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Taking a moment to reflect on home

By Hu Dongmei | China Daily | Updated: 2018-09-21 09:55
In 1978, Ulanfu (center), who would later become vice-president of China, visited a kindergarten in Alshaa Left Banner for the region's 20th anniversary. The writer, Hu Dongmei, is held by Yun Liwen, Ulanfu's wife, at his left. [HU DONGMEI/CHINA DAILY]

My love affair with the Ningxia Hui autonomous region dates back 40 years to the autumn of 1978 when I met Ulanfu and his wife Yun Liwen. He was a senior leader of the National People's Congress and would later become vice-president of China.

I was only 3 at that time, waiting to perform in a kindergarten show for the 20th anniversary of Ningxia's founding. The memory has faded over the years but I still remember seeing lots of people crowding into our kindergarten. In the middle of that crowd stood a grandfather and grandmother whom our teachers introduced as Ulanfu and his wife.

Other children and I staged various shows for them. I played a spotted deer in a drama called Proud Spotted Deer. After the show, all the children had their picture taken with the elderly couple, a picture I cherished the rest of my life in which I was held in Yun Liwen's arms, smiling under the clear blue sky.

That experience was the first time I felt that I belonged in Ningxia. An ethnic Mongolian, I was born in Alshaa Left Banner, an area that went through jurisdictional changes between Ningxia and the Inner Mongolia autonomous region.

It was incorporated into Ningxia in 1969. But in 1979, Alshaa Left Banner, together with Ejin Banner and Alshaa Right Banner of Gansu province, formed Alshaa League and officially became part of Inner Mongolia, making me an Inner Mongolian.

However, life is full of unpredictability. In 1992, I enrolled at North Minzu University in Yinchuan, Ningxia's capital, after the college entrance examination. I journeyed across the Helan Mountain range, which divides Ningxia from Alshaa League, and registered once again as a Ningxia resident.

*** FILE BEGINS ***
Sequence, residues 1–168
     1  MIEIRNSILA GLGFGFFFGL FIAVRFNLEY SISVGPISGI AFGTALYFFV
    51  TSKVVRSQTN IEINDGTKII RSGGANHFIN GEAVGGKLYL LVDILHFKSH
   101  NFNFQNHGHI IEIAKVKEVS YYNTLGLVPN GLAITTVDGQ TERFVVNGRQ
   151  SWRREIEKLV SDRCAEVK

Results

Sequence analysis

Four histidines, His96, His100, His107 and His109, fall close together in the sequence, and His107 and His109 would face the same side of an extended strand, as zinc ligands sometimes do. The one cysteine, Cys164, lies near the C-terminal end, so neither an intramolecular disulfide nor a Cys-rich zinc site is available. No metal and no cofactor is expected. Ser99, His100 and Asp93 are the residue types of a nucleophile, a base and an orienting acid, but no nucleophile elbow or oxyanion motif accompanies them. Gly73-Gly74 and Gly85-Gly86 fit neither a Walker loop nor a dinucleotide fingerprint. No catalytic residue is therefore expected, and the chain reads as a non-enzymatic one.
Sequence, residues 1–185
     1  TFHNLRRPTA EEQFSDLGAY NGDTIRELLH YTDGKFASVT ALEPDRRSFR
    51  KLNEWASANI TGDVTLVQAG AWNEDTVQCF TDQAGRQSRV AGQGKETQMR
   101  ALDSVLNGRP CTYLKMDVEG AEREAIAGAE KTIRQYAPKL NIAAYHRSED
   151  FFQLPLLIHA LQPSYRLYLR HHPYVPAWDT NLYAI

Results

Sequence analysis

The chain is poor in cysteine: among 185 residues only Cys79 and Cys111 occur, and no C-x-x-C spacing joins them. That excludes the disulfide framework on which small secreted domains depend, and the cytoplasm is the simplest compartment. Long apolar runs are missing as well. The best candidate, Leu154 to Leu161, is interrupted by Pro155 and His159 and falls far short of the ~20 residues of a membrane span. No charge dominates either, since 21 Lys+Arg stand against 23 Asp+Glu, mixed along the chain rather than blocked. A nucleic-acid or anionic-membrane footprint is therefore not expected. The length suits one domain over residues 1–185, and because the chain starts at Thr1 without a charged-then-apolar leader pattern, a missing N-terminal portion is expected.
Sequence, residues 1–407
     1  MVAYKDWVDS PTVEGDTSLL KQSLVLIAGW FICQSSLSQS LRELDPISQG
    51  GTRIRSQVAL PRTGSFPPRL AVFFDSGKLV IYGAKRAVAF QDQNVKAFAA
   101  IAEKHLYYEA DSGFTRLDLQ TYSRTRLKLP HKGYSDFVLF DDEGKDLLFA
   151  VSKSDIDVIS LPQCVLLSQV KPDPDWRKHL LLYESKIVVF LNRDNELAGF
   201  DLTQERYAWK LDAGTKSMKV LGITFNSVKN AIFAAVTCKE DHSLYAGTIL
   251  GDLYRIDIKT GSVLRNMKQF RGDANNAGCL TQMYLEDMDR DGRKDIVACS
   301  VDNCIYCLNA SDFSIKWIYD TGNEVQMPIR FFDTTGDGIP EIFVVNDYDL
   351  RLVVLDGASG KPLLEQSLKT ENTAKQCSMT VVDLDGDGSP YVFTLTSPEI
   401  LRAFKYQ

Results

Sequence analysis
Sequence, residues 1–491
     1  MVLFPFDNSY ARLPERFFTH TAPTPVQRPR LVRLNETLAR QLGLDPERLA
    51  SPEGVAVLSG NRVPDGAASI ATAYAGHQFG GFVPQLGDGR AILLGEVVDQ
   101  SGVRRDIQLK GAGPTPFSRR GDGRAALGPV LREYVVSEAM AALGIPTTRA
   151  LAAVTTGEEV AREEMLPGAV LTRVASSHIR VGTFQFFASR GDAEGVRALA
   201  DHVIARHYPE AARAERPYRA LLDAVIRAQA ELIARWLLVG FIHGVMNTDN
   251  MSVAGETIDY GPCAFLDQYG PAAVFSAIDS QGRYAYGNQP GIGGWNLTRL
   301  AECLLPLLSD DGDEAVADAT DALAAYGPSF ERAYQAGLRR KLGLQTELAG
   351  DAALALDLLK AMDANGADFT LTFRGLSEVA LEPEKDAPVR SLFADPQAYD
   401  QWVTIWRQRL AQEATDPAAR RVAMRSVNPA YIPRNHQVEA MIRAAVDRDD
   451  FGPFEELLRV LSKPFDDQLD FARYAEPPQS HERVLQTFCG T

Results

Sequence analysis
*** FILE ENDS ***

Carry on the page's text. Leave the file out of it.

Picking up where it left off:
I never left Yinchuan. After graduation, a friend of Hui ethnicity introduced me to a job position at Yinchuan TV station. Since then, this educated ethnic Mongolian girl began racing and enriching her life on this wonderful land.

Earlier this year I began working as a reporter for China Daily in its Ningxia bureau, and I know my mission is to let the world hear more Ningxia voices and stories.

Forty years ago I was celebrating the 20th anniversary as a child, and 40 years on I am able to witness Ningxia's 60th birthday again as a reporter.

On Wednesday, I arrived an hour early for the ceremony. Standing on the vast celebration square, I inhaled the fragrance of flowers and visually absorbed every decoration. At night, the splendid performances caused me to go over Ningxia's 60 years of development, making me realize that my own life reflected that same extraordinary journey.

I am now married, have a son and a daughter, and we live a happy life in a home with a little garden to tend. I have a decent job and friends from different ethnic backgrounds. All these blessings were brought to me during my stay in Ningxia and I feel so lucky that I was able to grow up here.

Now I am sitting at my desk, typing my life journey with a gift mug from the 60th anniversary in hand. While the words flow under my dancing fingers on the keyboard, my heart would like to say out loud: Ningxia, I wish you a happy 60th birthday! I wish you more prosperity! I will tell your stories to more people through China Daily.

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